O Medicinal Town Of Bethlehem

December is a month when many people around the world take time to celebrate a birth from 2000 years ago in Bethlehem, Israel. But the following month of January can now be remembered as the month in 2018 when a different kind of birth happened in another Bethlehem that sits in a different country on the other side of the world.

Pennsylvania first legalized medical cannabis on April 17, 2016, when Governor Tom Wolf signed into law Senate Bill 3 (SB3); a measure that instructed the Department of Health to construct and implement the state’s Medical Marijuana Program which is now close to being ready to start serving patients.

Photo Credit: Daniel Zampogna

Tom Wolf Signs Medical Cannabis Bill

On Wednesday, January 17, almost two years after Governor Wolf put his name on SB 3, Keystone Canna Remedies in the Lehigh Valley area opened its doors for a first peek at Pennsylvania’s premier medical cannabis dispensary.

In the city of Bethlehem, members of the business community along with state, regional, and local officials joined owners and staff for a grand soft-opening at the freshly-renovated facility located on the 1300 block of Stefko Boulevard.

While a small selection of samples of various cannabis oils and vape cartridges were on-hand for the opening on Wednesday, the dispensary shelves were barren of any medicinal cannabis products.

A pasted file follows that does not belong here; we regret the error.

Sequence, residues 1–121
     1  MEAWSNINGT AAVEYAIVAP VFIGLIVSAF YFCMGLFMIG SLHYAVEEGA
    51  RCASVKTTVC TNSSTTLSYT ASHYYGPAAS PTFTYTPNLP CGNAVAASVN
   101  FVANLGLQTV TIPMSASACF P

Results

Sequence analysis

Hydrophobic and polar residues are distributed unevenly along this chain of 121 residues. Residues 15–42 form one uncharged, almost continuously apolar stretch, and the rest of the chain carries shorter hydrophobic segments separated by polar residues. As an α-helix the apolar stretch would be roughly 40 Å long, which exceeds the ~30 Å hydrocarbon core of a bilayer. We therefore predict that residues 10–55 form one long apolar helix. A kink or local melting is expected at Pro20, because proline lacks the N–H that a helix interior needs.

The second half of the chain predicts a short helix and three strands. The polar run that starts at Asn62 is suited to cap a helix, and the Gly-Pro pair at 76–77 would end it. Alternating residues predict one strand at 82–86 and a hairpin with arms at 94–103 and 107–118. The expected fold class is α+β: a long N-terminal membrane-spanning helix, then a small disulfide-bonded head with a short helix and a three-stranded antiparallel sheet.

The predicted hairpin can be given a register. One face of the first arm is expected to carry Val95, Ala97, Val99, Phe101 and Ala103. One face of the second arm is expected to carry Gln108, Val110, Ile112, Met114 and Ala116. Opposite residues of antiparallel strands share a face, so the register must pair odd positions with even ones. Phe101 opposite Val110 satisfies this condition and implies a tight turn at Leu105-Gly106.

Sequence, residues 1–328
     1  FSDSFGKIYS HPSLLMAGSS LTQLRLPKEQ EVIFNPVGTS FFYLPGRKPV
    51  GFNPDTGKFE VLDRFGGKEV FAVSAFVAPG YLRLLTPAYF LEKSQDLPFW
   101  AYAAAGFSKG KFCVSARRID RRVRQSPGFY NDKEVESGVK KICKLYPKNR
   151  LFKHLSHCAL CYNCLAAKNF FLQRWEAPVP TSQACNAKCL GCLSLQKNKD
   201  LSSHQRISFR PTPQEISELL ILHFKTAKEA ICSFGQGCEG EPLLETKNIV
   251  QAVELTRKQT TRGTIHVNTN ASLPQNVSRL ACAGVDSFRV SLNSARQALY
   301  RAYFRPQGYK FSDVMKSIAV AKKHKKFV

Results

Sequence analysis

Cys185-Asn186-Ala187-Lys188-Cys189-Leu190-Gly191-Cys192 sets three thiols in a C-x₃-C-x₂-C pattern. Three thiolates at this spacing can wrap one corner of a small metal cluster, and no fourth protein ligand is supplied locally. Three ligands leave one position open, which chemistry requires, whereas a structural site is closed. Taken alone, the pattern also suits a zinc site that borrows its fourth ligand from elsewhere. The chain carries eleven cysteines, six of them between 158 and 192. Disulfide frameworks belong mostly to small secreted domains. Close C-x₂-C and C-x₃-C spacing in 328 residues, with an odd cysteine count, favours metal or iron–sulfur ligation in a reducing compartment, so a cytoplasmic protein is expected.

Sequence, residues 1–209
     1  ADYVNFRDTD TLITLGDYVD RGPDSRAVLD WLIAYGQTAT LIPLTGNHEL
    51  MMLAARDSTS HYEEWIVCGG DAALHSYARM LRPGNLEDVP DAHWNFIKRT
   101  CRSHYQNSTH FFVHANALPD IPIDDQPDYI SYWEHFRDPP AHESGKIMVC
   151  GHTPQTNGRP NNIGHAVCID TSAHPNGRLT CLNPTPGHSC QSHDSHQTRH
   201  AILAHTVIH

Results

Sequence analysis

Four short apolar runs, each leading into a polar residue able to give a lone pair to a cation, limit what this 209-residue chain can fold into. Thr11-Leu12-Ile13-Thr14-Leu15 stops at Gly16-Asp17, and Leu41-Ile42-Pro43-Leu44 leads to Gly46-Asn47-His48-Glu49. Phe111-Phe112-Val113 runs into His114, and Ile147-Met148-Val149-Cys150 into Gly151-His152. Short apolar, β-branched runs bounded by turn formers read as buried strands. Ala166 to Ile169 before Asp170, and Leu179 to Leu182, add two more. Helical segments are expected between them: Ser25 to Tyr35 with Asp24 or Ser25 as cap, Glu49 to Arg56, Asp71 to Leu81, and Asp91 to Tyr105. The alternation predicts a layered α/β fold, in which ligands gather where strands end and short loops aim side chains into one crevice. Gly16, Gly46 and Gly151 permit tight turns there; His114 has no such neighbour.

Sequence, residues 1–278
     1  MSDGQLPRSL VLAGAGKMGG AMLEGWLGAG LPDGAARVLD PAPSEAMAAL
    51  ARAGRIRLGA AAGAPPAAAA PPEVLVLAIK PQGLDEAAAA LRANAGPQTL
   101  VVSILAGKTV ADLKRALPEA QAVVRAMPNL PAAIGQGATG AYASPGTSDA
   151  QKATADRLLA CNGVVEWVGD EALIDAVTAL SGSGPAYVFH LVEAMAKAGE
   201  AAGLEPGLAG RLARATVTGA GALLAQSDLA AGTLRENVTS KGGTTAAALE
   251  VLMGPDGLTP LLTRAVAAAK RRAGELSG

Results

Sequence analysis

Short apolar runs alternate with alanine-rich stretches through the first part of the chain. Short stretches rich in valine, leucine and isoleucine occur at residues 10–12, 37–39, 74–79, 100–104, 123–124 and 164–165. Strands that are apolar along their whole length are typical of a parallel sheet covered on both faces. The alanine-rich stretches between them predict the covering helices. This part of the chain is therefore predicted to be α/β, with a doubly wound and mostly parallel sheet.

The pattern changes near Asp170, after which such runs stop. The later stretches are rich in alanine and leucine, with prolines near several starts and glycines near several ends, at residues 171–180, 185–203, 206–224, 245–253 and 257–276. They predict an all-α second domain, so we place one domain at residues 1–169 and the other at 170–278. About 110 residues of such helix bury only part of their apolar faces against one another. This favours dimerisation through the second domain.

According to Canna Remedies Chief Business Development Officer and co-founder Victor Guadagnino; “What we’re kicking off is a series of educational workshops that start next week. Product or medicine will not be ready until mid-February.”

Victor Guadagnino

But when patients are finally able to procure medicinal cannabis from the dispensary, it will only be sold in pill, topical, tincture, oil, or vaporizable liquid forms in accordance with state law which does not allow for the sale of edibles or marijuana flower.

Pennsylvania law currently lists seventeen medical conditions that qualify patients to use medicinal cannabis including autism, cancer, epilepsy, intractable seizures, Parkinson’s disease, PTSD, HIV, and glaucoma.

Of the more than 10,000 applications that have been submitted by patients looking to acquire a medicinal marijuana license in Pennsylvania, there are currently around 1,200 that have been approved by licensed physicians.

During a presentation at the facility’s opening, Physician General Dr. Rachel Levine spoke about those who would soon gain access to medicinal cannabis.

“In just a very short time,” she said, “in just a few months these patients will be able to come to an excellent dispensary such as right here to safely purchase medical marijuana that has been tested and that will be safe and effective.”

In a press release, Guadagnino stated, “Our professional and personal experiences in patient care, particularly in treating patients experiencing serious medical issues, and our profound commitment to improving their quality of life form the foundation of Keystone Canna Remedies.”

“Our on-site cannabis expert and pharmacist,” he continued, “combined with our patient care model of personal and comprehensive consultations, and, premium product selections from state-regulated sources will transform the lives of patients currently suffering, and in some cases, experiencing significant hardship.”

Following the dispensary’s full opening next month, Keystone Canna Remedies plans to open another location elsewhere in the state sometime later this year.